We will begin with a brief award presentation, followed by a panel conversation with scientists, advocates, and public health professionals about the challenges in providing clean drinking water, and how to center science and justice in the work to protect children’s health.

This event will be hosted on Zoom and open to the public. Please register at the RSVP link below. All are welcome to attend and join the celebration!

    Elizabeth Arnold

    Elizabeth Arnold

    Seminar - Open to the Public

    “Solutions Journalism: Expanding the Climate Change Narrative, from the Arctic to Australia”

    Thu., Feb. 13, 2020 | 11:45am - 1:00pm

    Rubenstein Building - Room 306

    Elizabeth Arnold, Chair and Professor of Journalism, University of Alaska, and former NPR national correspondent, will address new ways to improve climate change coverage. The national media continue to sound the alarm about climate change, but the gloom and doom narrative may fail to engage the public in a meaningful way.  A former fellow at the Shorenstein Center, Arnold documented a pattern of reporting that conveys a catastrophic vision with little in the way of how individuals, communities and governments are responding. After a decade of reporting from some of the most remote areas of the Arctic, Arnold advocates a solutions-focused approach to more effectively communicating climate change around the world.

    The seminar will be moderated by Cristine Russell, ENRP Senior Fellow & HKS Adjunct Lecturer. It is sponsored by the Belfer Center's Environment & Natural Resources Program (ENRP), Arctic Initiative & SEE PIC: the HKS student interest group for Sustainability, Energy & Environment.

    Please submit RSVPs via the link below.

    Refreshments will be served.

    2018 Arctic Innovator, Reine Rambert, pitches at the Arctic Innovation Lab

    Belfer Center/Benn Craig

    Seminar - Open to the Public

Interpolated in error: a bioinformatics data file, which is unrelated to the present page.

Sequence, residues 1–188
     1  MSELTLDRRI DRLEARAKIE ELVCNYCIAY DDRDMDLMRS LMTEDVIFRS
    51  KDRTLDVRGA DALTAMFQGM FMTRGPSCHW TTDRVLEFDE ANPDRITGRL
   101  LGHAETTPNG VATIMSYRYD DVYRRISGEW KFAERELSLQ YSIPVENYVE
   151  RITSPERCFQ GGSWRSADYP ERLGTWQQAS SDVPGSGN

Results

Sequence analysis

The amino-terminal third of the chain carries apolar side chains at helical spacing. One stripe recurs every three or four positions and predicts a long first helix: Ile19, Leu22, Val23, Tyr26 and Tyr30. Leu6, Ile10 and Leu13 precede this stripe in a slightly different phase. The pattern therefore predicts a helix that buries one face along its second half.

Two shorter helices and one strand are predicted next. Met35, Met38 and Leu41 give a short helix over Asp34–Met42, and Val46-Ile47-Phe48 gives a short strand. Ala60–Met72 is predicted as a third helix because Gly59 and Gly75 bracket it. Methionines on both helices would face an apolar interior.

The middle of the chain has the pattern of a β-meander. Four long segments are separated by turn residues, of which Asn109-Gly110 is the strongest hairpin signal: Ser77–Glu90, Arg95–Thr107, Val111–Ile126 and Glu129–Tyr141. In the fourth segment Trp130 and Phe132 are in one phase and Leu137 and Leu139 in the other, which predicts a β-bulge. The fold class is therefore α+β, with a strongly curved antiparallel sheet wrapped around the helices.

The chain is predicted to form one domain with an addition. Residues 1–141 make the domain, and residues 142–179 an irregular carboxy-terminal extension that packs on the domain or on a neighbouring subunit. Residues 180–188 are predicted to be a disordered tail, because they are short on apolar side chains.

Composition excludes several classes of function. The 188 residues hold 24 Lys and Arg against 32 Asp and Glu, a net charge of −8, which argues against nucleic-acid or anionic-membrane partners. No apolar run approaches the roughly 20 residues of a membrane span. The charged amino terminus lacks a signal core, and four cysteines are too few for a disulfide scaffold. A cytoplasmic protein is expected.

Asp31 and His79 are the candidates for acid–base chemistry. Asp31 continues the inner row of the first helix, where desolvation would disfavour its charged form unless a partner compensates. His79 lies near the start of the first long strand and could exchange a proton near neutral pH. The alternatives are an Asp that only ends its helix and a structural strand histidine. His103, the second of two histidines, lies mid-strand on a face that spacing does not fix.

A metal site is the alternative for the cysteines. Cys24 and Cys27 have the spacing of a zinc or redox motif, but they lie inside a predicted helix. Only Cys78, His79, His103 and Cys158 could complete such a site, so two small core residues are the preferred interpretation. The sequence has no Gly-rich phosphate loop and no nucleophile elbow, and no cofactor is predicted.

Four Ideas for a Changing Arctic — Pitches from the 2019 Harvard University Arctic Innovators

    Fri., Oct. 4, 2019 | 12:00pm - 1:15pm

    Littauer Building - Belfer Center Library, Room 369

    Each year the Belfer Center's Arctic Initiative sends a delegation of students to attend the world’s largest Arctic gathering, the Arctic Circle Assembly. This year, after a competitive application process, four students were selected to represent Harvard at the Arctic Innovation Lab. Come and hear their presentations before they leave for Iceland to pitch their ideas for a changing Arctic. 

    Lunch will be provided.

    Please RSVP to brittany_janis@hks.harvard.edu by October 2 to secure your seat.

    Seminar - Open to the Public

    The State of Public Health: A Conversation with Atul Gawande

    Wed., Mar. 7, 2018 | 6:00pm - 7:30pm

    Harvard Kennedy School - Institute of Politics, John F. Kennedy Jr. Forum

    Surgeon, writer, and public health researcher Atul Gawande discusses the state of public health with Belfer Center Senior Fellow and freelance journalist Cristine Russell and Isabelle and Scott Black Professor of Political Economy and Director of the Malcolm Wiener Center for Social Policy David T. Ellwood. 

    The event will be held in the JFK Jr. Forum from 6:00 p.m. to 7:30 p.m. and is free and open to the public, but please note that floor seats will be reserved for Harvard ID holders. All seating is available on a first-arrive basis. Doors will close when capacity is reached

    Seminar - Open to the Public

    From Polar Bears to People: Getting the Arctic Climate Change Story Right

    Tue., Feb. 27, 2018 | 11:45am - 1:00pm

    Harvard Kennedy School

    Location: Wexner building, Room 332

    Join the Arctic Initiative and the Environment and Natural Resources Program for a seminar with journalist Elizabeth Arnold, former NPR Correspondent and current Shorenstein Center Fellow, and Alice Rogoff, publisher of ArcticToday.  Introduction by Arctic Initiative Co-Founder Halla Hrund Logadóttir & moderated by ENRP Senior Fellow Cristine Russell. The event is held in conjunction with Prof. Russell's class, IGA451M: "Controversies in Climate, Energy & the Media.